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The TikTok Ban: Narrowly Tailored or Trojan Horse?

The Charlie Kirk Show / Charlie Kirk
The Truth Network Radio
March 14, 2024 4:03 pm

The TikTok Ban: Narrowly Tailored or Trojan Horse?

The Charlie Kirk Show / Charlie Kirk

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March 14, 2024 4:03 pm

Is banning TikTok a good idea, or a Trojan horse to expand government power? In hyperpartisan Washington, the issue is splitting both parties. The Charlie Kirk Show digs into the text of the bill to try to decide if a ban is the right move. Anti-China authors James Fanell and Bradley Thayer pay a visit to explain the threat the TikTok bill seeks to nullify.

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Hey, everybody. Welcome to The Charlie Kirk Show. This is Andrew Kolvet, executive producer of this fine show, filling in for Charlie, who's on assignment at Cal State Fullerton, arguing with a bunch of lefty students. Can't wait for him to tell us all about that. Today, we go into the question of the day.

To ban TikTok or not to ban TikTok, is it a Trojan horse? Is it a narrowly tailored bill that is getting everything that we said we wanted? I discuss it and more. We bring in two China experts to discuss what they think about the bill and why China is such an intense and existential threat to American power, both domestically and abroad. Very important debate here. Very, very important question.

It is the center of the political debate right now in Washington. Don't go anywhere. Buckle up. Here we go. Charlie, what you've done is incredible here. Maybe Charlie Kirk is on the college campus. I want you to know we are lucky to have Charlie Kirk. Charlie Kirk's running the White House.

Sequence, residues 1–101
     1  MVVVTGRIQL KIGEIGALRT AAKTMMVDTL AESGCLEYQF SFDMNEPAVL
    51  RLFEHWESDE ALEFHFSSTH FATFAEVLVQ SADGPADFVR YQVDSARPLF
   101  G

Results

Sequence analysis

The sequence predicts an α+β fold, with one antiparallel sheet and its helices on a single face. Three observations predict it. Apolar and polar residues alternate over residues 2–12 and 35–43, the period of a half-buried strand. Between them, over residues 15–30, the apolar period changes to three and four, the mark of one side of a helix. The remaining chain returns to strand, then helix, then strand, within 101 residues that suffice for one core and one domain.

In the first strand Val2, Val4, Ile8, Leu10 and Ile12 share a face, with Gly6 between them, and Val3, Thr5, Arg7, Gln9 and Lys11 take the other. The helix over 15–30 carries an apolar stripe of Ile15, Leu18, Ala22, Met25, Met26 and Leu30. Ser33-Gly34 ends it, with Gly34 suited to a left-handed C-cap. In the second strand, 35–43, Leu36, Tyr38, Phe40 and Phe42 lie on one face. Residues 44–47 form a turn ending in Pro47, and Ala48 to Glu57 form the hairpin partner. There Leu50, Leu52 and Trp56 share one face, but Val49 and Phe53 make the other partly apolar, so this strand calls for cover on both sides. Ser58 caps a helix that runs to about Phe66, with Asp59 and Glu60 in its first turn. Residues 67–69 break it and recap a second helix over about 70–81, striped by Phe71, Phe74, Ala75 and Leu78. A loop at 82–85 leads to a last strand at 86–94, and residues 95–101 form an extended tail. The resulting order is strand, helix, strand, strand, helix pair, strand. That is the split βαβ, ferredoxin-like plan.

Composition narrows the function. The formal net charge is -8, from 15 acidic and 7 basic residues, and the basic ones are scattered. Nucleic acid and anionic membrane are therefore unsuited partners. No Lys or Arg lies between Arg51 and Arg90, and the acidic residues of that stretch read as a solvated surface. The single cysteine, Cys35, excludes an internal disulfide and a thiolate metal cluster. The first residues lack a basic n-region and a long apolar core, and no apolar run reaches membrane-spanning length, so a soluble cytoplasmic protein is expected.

I want to thank Charlie. He's an incredible guy. His spirit, his love of this country. He's done an amazing job building one of the most powerful youth organizations ever created. Turning Point USA. We will not embrace the ideas that have destroyed countries, destroyed lives. And we are going to fight for freedom on campuses across the country.

That's why we are here. Noble Gold Investments is the official gold sponsor of The Charlie Kirk Show, a company that specializes in gold IRAs and physical delivery of precious metals. Learn how you could protect your wealth with Noble Gold Investments at noblegoldinvestments.com. That is noblegoldinvestments.com. It's where I buy all of my gold.

Go to noblegoldinvestments.com. So it is one of the messiest stories in the country to ban TikTok or to not ban TikTok. It truly is something that people on the right of good faith, the people we respect, people that have very, let's just say a track record of challenging the establishment of challenging authority like Rand Paul, like Thomas Massey, guys that we have a lot of respect for, especially in certain topics, are seeing this differently. It seems like you've got Rand Paul, Thomas Massey, and these types, as well as maybe even President Trump, Matt Gaetz. They're saying this is a Trojan horse. RFK Jr. is out saying it's a Trojan horse.

I mean, I was looking across social media this morning. It was like cat turd is calling it a Trojan horse. That seems to be, I would say, a very popular sentiment on the right currently that this is a Trojan horse, that it expands government power. But then you have Bannon.